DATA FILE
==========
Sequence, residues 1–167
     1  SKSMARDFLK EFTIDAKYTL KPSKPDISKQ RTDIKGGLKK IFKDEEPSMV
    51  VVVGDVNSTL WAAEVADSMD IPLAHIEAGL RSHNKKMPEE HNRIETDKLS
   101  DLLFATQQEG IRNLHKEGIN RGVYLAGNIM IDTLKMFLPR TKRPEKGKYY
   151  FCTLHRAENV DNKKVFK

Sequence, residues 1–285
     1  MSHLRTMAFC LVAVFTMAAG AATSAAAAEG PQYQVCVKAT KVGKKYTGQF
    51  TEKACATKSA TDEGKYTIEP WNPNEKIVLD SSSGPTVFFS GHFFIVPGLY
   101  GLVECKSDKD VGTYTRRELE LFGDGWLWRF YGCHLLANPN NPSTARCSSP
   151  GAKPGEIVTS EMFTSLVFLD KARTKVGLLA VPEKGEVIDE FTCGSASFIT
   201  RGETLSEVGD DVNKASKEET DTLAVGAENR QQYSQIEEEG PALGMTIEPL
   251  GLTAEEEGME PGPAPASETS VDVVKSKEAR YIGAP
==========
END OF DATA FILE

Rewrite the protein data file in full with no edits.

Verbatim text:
Sequence, residues 1–167
     1  SKSMARDFLK EFTIDAKYTL KPSKPDISKQ RTDIKGGLKK IFKDEEPSMV
    51  VVVGDVNSTL WAAEVADSMD IPLAHIEAGL RSHNKKMPEE HNRIETDKLS
   101  DLLFATQQEG IRNLHKEGIN RGVYLAGNIM IDTLKMFLPR TKRPEKGKYY
   151  FCTLHRAENV DNKKVFK

Sequence, residues 1–285
     1  MSHLRTMAFC LVAVFTMAAG AATSAAAAEG PQYQVCVKAT KVGKKYTGQF
    51  TEKACATKSA TDEGKYTIEP WNPNEKIVLD SSSGPTVFFS GHFFIVPGLY
   101  GLVECKSDKD VGTYTRRELE LFGDGWLWRF YGCHLLANPN NPSTARCSSP
   151  GAKPGEIVTS EMFTSLVFLD KARTKVGLLA VPEKGEVIDE FTCGSASFIT
   201  RGETLSEVGD DVNKASKEET DTLAVGAENR QQYSQIEEEG PALGMTIEPL
   251  GLTAEEEGME PGPAPASETS VDVVKSKEAR YIGAP